The Pet Coke Opportunity
The cost of manufacturing cement depends on the input cost of fuel. Pet coke, as a fuel, had to some extent answered this issue over the last couple of years. But the recent decision to review use of pet coke by the country's apex court is likely to be a major blow to the use of this commodity.
Over the past of couple of years, cement producers have been heavily depending on pet coke as a fuel and the same has helped many plants to keep their costs under control. Of all the players operating in the cement domain, Shree Cement has been the pioneer in this trend. However, the use of pet coke goes through its own unique ups and downs, since the price of crude oil keeps fluctuating.
The above chart clearly indicates the dependence of cement companies on pet coke. It also indicates how vulnerable these companies are for any adverse decision on use of pet coke. In case if there is a ban on use of the commodity, one can only imagine what will happen, because today the focus is on environmental concerns.
A Kotak Institutional Equities report has highlighted two scenarios and its impact on earnings of some large-cap cement companies (see chart above).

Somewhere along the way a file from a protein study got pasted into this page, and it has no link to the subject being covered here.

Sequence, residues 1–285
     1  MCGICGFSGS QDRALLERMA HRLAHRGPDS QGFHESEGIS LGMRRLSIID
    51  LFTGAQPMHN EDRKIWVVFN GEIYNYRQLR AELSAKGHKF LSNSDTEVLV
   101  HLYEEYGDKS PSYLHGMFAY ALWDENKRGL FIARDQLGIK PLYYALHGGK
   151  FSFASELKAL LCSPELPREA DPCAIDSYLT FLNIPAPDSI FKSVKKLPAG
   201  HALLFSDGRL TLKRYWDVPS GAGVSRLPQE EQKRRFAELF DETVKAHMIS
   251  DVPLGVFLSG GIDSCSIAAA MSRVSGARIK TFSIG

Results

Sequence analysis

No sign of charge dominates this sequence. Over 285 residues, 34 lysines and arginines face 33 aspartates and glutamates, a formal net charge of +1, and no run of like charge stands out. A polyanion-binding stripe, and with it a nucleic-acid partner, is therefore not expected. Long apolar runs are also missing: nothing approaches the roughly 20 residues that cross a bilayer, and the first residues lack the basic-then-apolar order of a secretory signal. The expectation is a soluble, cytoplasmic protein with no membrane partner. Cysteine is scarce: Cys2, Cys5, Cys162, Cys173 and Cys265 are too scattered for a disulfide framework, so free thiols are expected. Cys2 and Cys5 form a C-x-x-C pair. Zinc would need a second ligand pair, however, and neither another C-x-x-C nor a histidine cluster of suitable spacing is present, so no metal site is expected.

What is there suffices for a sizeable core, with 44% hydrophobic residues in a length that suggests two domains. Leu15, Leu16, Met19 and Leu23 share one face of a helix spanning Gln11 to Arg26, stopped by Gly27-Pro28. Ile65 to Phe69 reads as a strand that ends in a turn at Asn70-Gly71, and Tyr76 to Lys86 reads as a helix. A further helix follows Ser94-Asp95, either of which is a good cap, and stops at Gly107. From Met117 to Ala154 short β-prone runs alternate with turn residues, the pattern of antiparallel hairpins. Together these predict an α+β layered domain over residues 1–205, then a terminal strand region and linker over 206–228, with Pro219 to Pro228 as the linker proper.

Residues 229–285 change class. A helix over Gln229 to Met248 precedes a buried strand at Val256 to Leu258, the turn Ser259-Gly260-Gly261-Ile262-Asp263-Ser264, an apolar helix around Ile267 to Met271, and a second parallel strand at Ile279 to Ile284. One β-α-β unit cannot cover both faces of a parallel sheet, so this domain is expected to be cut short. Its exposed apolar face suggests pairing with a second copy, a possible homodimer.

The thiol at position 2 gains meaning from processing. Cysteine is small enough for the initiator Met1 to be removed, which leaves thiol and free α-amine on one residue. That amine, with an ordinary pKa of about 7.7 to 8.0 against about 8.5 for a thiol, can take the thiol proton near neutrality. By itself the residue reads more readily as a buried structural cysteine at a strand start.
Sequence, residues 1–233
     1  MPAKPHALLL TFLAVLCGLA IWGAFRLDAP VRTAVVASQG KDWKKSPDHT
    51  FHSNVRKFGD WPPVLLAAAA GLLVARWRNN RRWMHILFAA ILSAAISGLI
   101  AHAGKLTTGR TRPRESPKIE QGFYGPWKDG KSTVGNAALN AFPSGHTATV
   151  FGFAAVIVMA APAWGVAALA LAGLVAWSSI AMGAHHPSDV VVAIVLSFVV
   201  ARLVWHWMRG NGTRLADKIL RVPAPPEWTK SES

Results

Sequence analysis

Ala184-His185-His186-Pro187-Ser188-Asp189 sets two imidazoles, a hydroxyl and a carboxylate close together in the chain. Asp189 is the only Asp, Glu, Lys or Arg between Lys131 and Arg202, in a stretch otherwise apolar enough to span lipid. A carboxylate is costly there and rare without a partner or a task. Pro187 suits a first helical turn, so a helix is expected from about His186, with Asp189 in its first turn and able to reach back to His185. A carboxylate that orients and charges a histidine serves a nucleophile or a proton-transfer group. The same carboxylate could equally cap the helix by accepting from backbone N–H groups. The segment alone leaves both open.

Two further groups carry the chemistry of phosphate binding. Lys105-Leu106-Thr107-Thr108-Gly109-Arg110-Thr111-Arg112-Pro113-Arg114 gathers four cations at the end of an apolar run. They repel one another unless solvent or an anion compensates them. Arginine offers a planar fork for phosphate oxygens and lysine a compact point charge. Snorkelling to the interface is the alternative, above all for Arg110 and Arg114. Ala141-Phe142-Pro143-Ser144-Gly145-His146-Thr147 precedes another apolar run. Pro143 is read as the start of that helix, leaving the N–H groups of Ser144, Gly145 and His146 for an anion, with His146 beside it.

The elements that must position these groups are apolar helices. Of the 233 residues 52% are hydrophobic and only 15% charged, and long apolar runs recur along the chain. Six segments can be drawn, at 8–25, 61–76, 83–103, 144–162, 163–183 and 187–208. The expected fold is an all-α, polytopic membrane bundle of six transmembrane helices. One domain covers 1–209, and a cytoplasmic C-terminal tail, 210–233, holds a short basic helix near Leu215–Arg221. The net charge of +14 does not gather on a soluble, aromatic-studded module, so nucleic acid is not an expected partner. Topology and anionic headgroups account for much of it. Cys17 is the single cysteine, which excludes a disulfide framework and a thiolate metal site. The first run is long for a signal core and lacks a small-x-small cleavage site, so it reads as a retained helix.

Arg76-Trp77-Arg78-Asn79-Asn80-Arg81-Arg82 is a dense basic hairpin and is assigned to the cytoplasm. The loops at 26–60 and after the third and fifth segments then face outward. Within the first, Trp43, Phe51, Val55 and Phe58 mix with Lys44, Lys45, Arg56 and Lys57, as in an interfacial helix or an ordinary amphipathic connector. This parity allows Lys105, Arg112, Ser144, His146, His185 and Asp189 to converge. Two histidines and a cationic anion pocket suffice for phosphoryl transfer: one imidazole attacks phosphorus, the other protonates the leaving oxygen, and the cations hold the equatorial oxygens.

First, substitution of pet coke with e-auction coal would result in a nearly 21 per cent increase in per unit fuel costs. This doesn't include the impact of higher transportation costs. Second, imposition of a clean environment cess of Rs 800 per tonne on pet coke usage would result in a nearly 10 per cent increase in per unit fuel costs, the report says. However, the price factor today is tilting in favour of the cement companies, considering the numbers involved.
Interestingly, average pet coke prices have declined from a peak of $96/tonne seen last year, but this is not something that cement makers can cheer about. According to data provided by S&P Global Platts, the price of pet coke delivered to India is currently at $79/tonne. Similarly, prices of thermal coal, Richards Bay 5,500 kilocalorie/kg net as received, a grade bought by Indian buyers, has cooled off from its high of $78.05/tonne last year to $73.61/tonne in January 2017.
Considering the volatility of the prices of both coal and pet coke, the real effect will be known only by the end of the present quarter.
Today the real problem is not the price, but the focus, which has shifted to environmental issues. Whether the cement industry will be allowed to use pet coke as a fuel at all is the million dollar question.
According to media reports, the Environment Pollution (Prevention and Control) Authority is considering imposing a ban on polluting industrial fuels such as fuel oil and pet coke in the National Capital Region in a bid to curb air pollution. Expectations are that the government might extend the policy on polluting fuels to other parts of the country over a period of time.
One simple answer to this impasse is to raise cement prices and pass the burden on to the end user. But in a scenario where the demand is not picking up, will cement manufacturers be able to pass on the price increase so easily?
The court's diktat